The Girl From Oto
by Amy Maroney
Genres: Feminist Historical Fiction, Historical Fiction, Women's Fiction
A Renaissance-era woman artist and an American scholar. Linked by a 500-year-old mystery…
The secrets of the past are irresistible—and dangerous.
1500: Born during a time wracked by war and plague, Renaissance-era artist Mira grows up in a Pyrenees convent believing she is an orphan. When tragedy strikes, Mira learns the devastating truth about her own origins. But does she have the strength to face those who would destroy her?
2015: Centuries later, art scholar Zari unearths traces of a mysterious young woman named Mira in two 16th-century portraits. Obsessed, Zari tracks Mira through the great cities of Europe to the pilgrim’s route of Camino de Santiago—and is stunned by what she finds. Will her discovery be enough to bring Mira’s story to life?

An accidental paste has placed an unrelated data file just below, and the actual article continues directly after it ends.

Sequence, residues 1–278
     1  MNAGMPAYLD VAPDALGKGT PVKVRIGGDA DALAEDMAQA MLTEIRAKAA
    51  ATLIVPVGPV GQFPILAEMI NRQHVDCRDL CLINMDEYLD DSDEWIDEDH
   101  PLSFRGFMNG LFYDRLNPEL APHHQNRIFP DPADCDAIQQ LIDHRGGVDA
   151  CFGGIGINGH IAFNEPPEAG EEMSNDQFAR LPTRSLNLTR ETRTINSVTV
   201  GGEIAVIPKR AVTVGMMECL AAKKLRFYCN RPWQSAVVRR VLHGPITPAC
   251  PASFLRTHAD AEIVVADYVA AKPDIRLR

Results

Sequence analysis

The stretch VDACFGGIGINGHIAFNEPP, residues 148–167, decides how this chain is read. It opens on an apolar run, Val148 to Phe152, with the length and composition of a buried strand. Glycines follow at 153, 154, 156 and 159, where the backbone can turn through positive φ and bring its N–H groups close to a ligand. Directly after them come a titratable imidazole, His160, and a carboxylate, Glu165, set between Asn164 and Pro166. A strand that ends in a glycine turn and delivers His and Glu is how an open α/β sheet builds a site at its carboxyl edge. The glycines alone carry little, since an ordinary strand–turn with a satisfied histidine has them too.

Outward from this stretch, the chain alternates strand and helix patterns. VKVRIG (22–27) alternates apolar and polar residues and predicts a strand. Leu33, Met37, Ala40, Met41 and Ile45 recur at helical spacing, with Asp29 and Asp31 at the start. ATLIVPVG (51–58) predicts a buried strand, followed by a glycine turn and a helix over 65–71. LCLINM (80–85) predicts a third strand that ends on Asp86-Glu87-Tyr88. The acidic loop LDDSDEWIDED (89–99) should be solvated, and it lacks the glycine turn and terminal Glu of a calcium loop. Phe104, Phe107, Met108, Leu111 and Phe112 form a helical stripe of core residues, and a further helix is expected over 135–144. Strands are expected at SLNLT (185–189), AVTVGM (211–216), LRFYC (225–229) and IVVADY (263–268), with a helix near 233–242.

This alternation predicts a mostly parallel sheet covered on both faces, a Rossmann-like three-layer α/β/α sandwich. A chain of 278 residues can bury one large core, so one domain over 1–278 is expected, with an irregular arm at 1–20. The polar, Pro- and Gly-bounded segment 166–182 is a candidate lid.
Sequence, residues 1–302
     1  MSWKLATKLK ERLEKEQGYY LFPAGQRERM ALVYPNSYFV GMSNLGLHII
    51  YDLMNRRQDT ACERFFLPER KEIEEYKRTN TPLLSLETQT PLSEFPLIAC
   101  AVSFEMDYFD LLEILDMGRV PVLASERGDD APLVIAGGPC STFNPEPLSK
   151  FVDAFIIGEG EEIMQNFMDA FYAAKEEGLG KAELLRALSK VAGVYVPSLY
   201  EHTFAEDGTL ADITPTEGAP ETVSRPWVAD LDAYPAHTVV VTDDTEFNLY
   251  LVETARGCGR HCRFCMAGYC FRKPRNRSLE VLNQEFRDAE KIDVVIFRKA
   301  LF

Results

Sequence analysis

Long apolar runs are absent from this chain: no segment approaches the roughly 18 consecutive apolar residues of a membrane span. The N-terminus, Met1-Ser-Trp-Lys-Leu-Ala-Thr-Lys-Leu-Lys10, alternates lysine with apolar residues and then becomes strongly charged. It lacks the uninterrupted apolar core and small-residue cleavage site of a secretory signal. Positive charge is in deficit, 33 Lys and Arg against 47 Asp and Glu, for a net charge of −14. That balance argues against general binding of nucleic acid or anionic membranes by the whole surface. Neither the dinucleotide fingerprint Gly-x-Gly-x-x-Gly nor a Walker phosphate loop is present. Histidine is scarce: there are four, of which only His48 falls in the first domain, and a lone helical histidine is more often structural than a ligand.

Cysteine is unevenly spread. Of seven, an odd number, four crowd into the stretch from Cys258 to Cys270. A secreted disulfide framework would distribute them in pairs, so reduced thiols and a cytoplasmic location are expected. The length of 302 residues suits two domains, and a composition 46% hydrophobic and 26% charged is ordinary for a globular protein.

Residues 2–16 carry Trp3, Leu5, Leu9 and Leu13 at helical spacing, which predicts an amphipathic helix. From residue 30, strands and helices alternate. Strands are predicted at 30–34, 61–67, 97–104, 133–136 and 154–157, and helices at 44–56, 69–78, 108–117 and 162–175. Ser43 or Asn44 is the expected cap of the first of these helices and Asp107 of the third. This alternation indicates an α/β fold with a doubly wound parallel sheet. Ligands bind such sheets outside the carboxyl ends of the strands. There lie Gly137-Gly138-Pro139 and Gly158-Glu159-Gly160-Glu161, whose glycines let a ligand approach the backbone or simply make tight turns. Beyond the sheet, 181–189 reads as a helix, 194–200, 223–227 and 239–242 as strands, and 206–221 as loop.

Places to find the book:
Borrow from a Public Library
Add to LibraryThing
Also by this author: The Girl From Oto (Spotlight), The Girl From Oto
Published by Artelan Press
on 20th September, 2016
Published by: Artelan Press
The Miramode Series:
The Promise (prequel) novella – about Elena (mountain healer, midwife)
The Girl from Oto (book one) } see also review
– where we are introduced to Zari, Elena & Mira
Mira’s Way (book two)
Ideally, I would have preferred to rad “The Promise” ahead of the first installment as I love reading series in order of sequence. Except it is not yet released into print and/or audio
– I loved Elena instantly in “book one”.
Converse via: ##TheGirlfromOto + #HistFic or #HistNov
as well as #TimeShift and #HistoricalFiction